Why we’re acting – and so should you

XR members Ray Brown, Liz Wright, Fiona Moran, James Rutherford, Isabel Murray and Ron Pyle, at Alexander Drive on July 3.

IN November a group of 11,000 scientists co-signed a letter stating that climate change was happening faster than previously thought, declaring a “climate emergency” requiring urgent change to how we live. Here in Perth, the local North of the River group of the global Extinction Rebellion movement have recently emerged from lockdown and have written this week’s Speaker’s Corner on why they’re recommencing regular actions to ensure this threat isn’t forgotten amid coronavirus concerns.

WE’RE a bunch of local citizens out on the streets in our neighbourhoods because we want to make sure that people are reminded weare in a climate crisis and that there’s something that ordinary people can and must do about it.  

We are a local group of the international movement Extinction Rebellion (known as XR) which formed in the UK in 2018 with the goal of preventing the worst case scenario of runaway climate change and ecological and social collapse, a scenario we are unfortunately heading towards quicker than originally predicted by climate scientists. 

As you’ll see in one of our signs; we are experiencing an unprecedented: “38 degrees in the arctic”.

Ray Brown is an industrial chemist and member of our North of River group of XR; he says there is a very narrow window of time to prevent the worst scenarios unfolding and that even with things as they are now with droughts, floods, bushfires, water being carted to 14 towns in the south west of WA, it’s crucial for people to take action. 

The consensus science from the United Nations’ International Panel for Climate Change (IPCC) tells us we have an eight-year window of time to prevent the worst global warming scenarios unfolding. 

Our Paris commitments are to reduce CO2 annual emissions by 28 per cent of 2005 levels.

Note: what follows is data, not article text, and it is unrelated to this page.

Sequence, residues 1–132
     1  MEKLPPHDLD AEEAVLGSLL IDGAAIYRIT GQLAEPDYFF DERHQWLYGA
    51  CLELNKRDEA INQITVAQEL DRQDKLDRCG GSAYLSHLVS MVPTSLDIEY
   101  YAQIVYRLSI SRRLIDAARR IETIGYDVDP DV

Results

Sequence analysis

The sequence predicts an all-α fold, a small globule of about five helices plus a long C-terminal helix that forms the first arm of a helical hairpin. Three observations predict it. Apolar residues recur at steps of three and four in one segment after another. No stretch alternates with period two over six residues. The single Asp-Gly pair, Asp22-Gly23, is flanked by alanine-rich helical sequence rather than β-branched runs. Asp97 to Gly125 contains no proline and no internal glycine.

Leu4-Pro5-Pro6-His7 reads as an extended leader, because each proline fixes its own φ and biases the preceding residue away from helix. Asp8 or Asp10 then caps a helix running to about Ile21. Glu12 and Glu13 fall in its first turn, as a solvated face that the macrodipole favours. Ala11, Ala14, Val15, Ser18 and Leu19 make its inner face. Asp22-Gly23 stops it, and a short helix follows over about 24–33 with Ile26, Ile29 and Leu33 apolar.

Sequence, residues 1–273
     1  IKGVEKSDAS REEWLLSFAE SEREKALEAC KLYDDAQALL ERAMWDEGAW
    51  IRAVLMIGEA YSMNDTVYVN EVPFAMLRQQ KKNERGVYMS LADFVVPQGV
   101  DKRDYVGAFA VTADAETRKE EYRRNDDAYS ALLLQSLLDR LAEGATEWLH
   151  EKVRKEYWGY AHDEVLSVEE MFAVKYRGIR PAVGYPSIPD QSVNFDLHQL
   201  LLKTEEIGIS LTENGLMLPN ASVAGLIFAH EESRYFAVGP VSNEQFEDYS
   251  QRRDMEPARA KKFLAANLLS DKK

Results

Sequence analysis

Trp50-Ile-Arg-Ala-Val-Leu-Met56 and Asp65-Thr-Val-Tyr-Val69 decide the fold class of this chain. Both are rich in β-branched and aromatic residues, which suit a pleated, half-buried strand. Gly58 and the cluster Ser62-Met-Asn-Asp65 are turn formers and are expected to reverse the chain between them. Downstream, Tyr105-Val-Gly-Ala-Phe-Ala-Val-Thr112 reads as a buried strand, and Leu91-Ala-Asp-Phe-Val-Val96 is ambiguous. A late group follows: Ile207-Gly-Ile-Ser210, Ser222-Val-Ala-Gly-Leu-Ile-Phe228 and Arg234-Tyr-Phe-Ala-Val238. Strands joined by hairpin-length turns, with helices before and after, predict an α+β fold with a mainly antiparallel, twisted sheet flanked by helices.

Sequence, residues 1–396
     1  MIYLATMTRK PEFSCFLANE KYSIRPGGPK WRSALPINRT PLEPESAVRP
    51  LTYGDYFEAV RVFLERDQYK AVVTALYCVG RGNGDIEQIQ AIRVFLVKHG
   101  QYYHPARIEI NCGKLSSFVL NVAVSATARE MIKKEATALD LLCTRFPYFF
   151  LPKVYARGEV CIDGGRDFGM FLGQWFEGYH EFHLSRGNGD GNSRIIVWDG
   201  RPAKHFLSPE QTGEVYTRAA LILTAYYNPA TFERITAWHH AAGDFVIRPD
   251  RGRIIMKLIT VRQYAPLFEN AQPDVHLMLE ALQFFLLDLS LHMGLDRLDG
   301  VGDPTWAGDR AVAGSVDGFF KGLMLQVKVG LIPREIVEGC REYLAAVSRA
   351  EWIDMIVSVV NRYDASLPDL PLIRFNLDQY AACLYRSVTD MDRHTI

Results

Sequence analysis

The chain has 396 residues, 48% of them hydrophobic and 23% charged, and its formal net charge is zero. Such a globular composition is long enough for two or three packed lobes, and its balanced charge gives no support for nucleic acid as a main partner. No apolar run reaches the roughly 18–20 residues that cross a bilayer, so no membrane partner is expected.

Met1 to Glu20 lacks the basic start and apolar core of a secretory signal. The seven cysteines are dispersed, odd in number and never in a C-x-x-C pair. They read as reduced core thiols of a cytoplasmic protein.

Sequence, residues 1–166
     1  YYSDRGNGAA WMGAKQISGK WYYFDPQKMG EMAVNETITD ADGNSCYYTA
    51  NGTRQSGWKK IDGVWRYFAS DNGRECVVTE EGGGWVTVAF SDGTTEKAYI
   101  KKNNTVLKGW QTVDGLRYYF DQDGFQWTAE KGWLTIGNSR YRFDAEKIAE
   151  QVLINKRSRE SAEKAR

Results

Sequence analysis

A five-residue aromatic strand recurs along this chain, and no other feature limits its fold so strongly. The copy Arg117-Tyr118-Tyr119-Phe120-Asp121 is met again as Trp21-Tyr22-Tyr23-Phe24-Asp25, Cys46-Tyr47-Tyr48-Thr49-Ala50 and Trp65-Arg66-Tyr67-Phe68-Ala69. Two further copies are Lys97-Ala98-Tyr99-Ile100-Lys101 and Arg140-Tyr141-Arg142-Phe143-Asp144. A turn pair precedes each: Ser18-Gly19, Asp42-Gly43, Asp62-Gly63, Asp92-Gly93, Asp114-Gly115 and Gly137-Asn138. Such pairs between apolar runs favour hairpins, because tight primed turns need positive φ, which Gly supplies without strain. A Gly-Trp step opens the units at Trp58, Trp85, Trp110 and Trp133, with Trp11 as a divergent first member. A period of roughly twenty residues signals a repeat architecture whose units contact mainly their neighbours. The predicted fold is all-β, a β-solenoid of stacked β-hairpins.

Just to get down to 2005 levels means we need to cut emissions by 30 per cent. 

Hellbent

Alarmingly, the McGowan government is extremely keen to massively increase gas production via the emissions-intensive Burrup Hub expansion that will increase emissions by 17 per cent; they are hellbent on hiding this information from us, and are completely reckless in supporting this project.

It is a numbers game, Mr Brown said, climate change has become politicised and there are powerful vested interests influencing governments and citizens to maintain business as usual. 

We need 3.5 per cent of the population to get active in demanding that governments take swift action to take the steps that scientists tell us are necessary.  

Rallies, letter writing and petitions are fine but they haven’t been enough to change things.

Getting enough people to join Extinction Rebellion and participate in non-violent direct action is the best chance we have of making our government pay attention and to do the right thing, thereby giving us a chance to live well for generations to come.

Our North of the River group meets regularly on Saturday afternoons.  

We were hiring a venue but when the virus hit we started meeting in Woodville Reserve, when it was safe to meet in person again.  

Isabel Murray, a barista from Mt Lawley, joined the group recently and said: “I was a little nervous about what to expect but everyone is so lovely and you can be involved at any level you’re comfortable with, though it’s hard to resist a little protest action!” 

All are welcome at our weekly meetings, the details of which can be found on the Extinction Rebellion Western Australia’s facebook page or on http://www.xrwa.earth, or they can be contacted at xrwa_nor@protonmail. com.

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